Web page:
Patching A Diagonalization
Fixing a flaw with less fuss?
Dana MacKenzie is the author of a terrific book, The Universe in Zero Words. Actually the book has many words, 216 pages of them, but is a brilliant history of mathematics as told through equations.
Today I want to talk about one of his chapters that discusses the equation .
This equation expresses Georg Cantor’s Continuum Hypothesis. Building on his proof that the reals are uncountable, Cantor believed that they are not only uncountable, but are exactly equal to the next “size” possible for sets, . We now know that this statement is independent of the standard axioms of set theory, thanks to the work of Kurt Gödel and Paul Cohen.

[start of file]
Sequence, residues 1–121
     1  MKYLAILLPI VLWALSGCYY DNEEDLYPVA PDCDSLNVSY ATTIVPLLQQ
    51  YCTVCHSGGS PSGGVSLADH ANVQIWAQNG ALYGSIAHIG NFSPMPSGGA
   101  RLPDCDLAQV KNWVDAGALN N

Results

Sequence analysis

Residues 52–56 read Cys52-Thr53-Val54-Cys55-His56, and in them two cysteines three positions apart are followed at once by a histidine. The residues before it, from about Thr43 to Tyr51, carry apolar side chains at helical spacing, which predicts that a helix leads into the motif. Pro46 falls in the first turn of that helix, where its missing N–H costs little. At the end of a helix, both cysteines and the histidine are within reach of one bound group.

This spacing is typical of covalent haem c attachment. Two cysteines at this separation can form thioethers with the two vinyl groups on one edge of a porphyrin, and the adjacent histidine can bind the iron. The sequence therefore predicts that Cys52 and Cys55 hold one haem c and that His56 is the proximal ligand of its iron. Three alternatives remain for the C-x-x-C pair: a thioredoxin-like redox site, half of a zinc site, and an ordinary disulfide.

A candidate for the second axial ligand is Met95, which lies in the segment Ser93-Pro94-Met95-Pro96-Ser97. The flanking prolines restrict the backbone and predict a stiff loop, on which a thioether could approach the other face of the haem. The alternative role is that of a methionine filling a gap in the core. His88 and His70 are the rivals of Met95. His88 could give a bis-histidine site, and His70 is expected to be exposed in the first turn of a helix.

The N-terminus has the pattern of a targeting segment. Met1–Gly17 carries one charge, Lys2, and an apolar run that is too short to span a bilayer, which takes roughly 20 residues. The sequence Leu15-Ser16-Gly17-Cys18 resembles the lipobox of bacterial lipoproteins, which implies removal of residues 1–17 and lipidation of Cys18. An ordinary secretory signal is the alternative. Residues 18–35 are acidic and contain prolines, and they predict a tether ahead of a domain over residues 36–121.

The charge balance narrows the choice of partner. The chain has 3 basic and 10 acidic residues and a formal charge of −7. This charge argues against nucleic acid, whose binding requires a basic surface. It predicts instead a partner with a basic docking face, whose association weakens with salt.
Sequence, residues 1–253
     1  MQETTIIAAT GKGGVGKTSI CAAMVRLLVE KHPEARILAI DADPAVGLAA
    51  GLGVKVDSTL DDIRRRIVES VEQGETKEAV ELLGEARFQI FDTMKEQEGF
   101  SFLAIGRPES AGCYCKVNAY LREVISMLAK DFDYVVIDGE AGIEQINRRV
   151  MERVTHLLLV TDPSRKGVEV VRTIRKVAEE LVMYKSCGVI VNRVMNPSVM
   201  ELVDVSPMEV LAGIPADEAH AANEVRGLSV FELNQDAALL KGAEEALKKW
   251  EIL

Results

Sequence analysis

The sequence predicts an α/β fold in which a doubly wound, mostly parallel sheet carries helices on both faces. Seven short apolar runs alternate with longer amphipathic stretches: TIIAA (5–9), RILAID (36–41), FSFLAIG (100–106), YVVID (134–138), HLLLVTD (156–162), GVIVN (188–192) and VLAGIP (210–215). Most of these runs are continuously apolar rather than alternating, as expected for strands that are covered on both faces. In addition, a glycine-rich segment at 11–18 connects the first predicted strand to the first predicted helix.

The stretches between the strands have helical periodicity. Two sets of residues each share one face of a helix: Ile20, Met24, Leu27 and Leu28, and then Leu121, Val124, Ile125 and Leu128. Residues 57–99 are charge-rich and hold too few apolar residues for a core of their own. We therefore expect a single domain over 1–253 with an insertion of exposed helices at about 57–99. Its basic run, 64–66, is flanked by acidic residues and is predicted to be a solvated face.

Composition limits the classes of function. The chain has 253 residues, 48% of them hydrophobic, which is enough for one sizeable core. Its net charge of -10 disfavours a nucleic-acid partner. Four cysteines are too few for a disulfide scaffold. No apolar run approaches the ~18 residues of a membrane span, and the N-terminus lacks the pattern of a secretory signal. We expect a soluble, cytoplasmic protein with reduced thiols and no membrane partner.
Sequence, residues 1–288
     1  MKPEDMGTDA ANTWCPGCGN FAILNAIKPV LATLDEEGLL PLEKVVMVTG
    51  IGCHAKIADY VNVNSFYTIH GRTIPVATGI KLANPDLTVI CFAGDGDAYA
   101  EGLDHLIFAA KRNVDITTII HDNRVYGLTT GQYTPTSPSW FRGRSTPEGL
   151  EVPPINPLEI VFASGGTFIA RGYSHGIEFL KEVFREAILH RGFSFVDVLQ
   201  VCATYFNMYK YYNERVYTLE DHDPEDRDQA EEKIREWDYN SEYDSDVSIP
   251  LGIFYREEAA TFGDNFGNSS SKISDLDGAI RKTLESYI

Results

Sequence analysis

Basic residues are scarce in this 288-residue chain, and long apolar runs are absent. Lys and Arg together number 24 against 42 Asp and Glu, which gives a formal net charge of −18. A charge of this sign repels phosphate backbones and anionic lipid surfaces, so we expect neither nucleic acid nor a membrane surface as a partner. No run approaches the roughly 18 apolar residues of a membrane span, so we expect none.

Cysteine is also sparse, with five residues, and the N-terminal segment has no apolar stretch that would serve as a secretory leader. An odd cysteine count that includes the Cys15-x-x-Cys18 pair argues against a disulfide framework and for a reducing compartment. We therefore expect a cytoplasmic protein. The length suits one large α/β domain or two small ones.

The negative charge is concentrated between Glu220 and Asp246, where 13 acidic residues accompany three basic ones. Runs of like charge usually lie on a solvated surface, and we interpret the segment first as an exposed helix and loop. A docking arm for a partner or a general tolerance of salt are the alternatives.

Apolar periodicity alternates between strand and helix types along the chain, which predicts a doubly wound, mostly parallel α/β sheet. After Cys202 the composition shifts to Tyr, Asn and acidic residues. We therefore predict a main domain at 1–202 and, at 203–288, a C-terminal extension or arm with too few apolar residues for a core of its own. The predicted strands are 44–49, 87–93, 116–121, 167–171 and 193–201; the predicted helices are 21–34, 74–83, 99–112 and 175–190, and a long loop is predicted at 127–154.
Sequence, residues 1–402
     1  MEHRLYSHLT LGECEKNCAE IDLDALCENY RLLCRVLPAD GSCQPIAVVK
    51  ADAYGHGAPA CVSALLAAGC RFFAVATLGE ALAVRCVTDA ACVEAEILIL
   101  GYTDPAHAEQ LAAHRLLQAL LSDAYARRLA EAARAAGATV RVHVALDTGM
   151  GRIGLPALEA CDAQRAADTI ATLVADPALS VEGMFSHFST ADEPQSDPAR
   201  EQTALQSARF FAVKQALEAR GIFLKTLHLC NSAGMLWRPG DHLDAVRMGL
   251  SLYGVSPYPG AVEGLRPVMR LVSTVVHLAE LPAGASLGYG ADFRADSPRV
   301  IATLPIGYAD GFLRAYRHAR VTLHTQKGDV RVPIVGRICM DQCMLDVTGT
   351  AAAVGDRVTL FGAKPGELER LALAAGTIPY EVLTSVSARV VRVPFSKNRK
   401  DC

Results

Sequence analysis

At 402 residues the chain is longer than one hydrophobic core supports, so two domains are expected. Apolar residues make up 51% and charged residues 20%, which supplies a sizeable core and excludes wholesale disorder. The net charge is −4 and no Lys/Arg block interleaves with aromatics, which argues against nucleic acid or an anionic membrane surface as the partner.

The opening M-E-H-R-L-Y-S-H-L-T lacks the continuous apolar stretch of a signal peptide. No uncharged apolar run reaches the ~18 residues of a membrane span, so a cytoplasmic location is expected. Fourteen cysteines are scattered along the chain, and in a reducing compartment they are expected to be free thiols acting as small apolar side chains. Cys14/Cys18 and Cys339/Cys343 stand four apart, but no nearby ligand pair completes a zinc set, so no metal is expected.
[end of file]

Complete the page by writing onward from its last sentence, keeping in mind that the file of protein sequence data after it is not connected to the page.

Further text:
I just returned from visiting QCRI, a new research lab in Qatar, and read the whole book cover to cover during the sixteen hour plus flight home to Atlanta. It did not take the full trip to read, but it helped pass the time: I also ate, slept, and watched many movies.
Mackenzie has written a unique and beautiful book. He has the ability to explain math ideas in a few sentences that give a non-expert at least some idea what the idea is about. I strongly recommend the book as a great read—even if you are not on a very long flight.
As you might guess he presents the famous proof of Cantor that the real numbers are uncountable. One issue that he skips in the main text he addresses in a rather long footnote:
This argument has a slight flaw in it due to the fact that some numbers have two decimal representations, for example